The next bit of “slow rollout” took place the following day, June 11, 2021, on the Palmer Museum grounds in the form of a quasi-religious land acknowledgment ceremony with speakers Sam Dinges and Lisa Wade. This was just before the start of Colony Days. Dinges spoke about how they were standing on traditional “unceded” native lands. That statement is a legal falsehood, but he continued on, saying they recognize that the word colony has hurtful connotations. He then mentioned the term “braided rivers.”

Lisa Wade followed by commenting on the open hearts and minds of the Palmer Chamber of Commerce, the very group the Mat-Su Health Foundation gave $15,000 to for the rebranding of Colony Days and Colony Christmas.

A few months later, after Palmer residents roundly rejected the name-change plan, Wade seemed to feel responsible for the fiasco. After those involved realized the residents of greater Palmer were not remotely amenable to a name change, Wade spoke at the March 26, 2022 chamber meeting where she apologized for everything the chamber endured, and said she would support any decision they made to change the name back.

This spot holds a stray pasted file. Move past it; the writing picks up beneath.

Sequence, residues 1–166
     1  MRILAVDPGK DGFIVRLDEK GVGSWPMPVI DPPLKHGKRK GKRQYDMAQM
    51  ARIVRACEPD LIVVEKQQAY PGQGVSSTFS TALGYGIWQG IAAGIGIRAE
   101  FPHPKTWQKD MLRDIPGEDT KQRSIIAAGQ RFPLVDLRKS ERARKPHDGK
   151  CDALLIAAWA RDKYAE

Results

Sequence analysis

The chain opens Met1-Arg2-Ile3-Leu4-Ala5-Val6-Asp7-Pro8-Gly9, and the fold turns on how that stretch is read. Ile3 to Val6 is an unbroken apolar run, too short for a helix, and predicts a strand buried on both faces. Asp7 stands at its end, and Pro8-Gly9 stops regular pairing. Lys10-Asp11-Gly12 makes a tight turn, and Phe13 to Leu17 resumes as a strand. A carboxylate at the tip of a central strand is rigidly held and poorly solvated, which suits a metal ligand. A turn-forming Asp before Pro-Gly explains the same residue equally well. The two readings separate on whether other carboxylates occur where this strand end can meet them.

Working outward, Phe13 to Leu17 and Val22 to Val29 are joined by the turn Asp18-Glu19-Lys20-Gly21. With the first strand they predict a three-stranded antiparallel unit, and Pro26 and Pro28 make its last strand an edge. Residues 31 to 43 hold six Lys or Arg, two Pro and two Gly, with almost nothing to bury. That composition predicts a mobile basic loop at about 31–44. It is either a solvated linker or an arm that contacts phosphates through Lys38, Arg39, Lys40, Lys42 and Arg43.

Goal statement for the newly formed Palmer Coalition for Art and Culture.

THE PLOT – Part 2

The abysmal name-change failure was not the end of the story. The Palmer Museum of History & Art, which contracts with the city to run the town’s museum, was conspiring with the Palmer Chamber of Commerce, the Palmer Museum and the Palmer Arts Council (PAC) to form a new non-profit organization called The Palmer Coalition for Art and Culture (PCAC).  This new entity is difficult to pin down.  It’s impossible to find any information online, but I did get a copy of the group’s draft bylaws, as well as its vision statement – both of which came from Palmer Chamber of Commerce meetings.

The new group’s goal statement claims “Palmer needs a large Museum space to display and store the City’s historic artifacts.”  Further down the document notes an intention to “build an art and culture hub that will include an expanded and updated museum…”

I believe this group plans to exhibit and push a dark, altered history of Palmer in order to construe Mat-Su colonists as intruders who forced their way onto a land that had a “long history of excellent and sustainable land stewardship by the Deni’ina before the miners came, and before the New Deal colonists,” to quote Janel Gagnon from a Mat-Su Moms for Social Justice post.

A May 21, 2021, post from Janel Gagnon, which appeared in the Mat-Su Moms for Social Justice Facebook page.